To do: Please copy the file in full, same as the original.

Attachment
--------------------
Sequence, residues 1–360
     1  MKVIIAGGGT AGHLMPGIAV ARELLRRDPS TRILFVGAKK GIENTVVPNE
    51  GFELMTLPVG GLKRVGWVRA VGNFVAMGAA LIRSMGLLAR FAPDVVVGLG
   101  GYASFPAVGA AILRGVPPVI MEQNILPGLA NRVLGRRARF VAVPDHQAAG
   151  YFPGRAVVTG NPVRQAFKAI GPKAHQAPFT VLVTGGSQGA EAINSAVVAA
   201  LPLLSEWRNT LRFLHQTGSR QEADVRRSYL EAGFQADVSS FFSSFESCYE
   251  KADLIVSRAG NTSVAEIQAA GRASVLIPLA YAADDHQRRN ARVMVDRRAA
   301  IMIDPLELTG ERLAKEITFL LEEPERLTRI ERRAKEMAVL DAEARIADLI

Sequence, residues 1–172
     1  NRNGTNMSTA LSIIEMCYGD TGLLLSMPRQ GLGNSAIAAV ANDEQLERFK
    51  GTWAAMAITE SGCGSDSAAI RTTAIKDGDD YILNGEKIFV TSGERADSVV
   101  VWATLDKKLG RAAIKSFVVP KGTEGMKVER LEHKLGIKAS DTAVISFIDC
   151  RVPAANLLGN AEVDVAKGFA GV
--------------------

Sequence, residues 1–360
     1  MKVIIAGGGT AGHLMPGIAV ARELLRRDPS TRILFVGAKK GIENTVVPNE
    51  GFELMTLPVG GLKRVGWVRA VGNFVAMGAA LIRSMGLLAR FAPDVVVGLG
   101  GYASFPAVGA AILRGVPPVI MEQNILPGLA NRVLGRRARF VAVPDHQAAG
   151  YFPGRAVVTG NPVRQAFKAI GPKAHQAPFT VLVTGGSQGA EAINSAVVAA
   201  LPLLSEWRNT LRFLHQTGSR QEADVRRSYL EAGFQADVSS FFSSFESCYE
   251  KADLIVSRAG NTSVAEIQAA GRASVLIPLA YAADDHQRRN ARVMVDRRAA
   301  IMIDPLELTG ERLAKEITFL LEEPERLTRI ERRAKEMAVL DAEARIADLI

Sequence, residues 1–172
     1  NRNGTNMSTA LSIIEMCYGD TGLLLSMPRQ GLGNSAIAAV ANDEQLERFK
    51  GTWAAMAITE SGCGSDSAAI RTTAIKDGDD YILNGEKIFV TSGERADSVV
   101  VWATLDKKLG RAAIKSFVVP KGTEGMKVER LEHKLGIKAS DTAVISFIDC
   151  RVPAANLLGN AEVDVAKGFA GV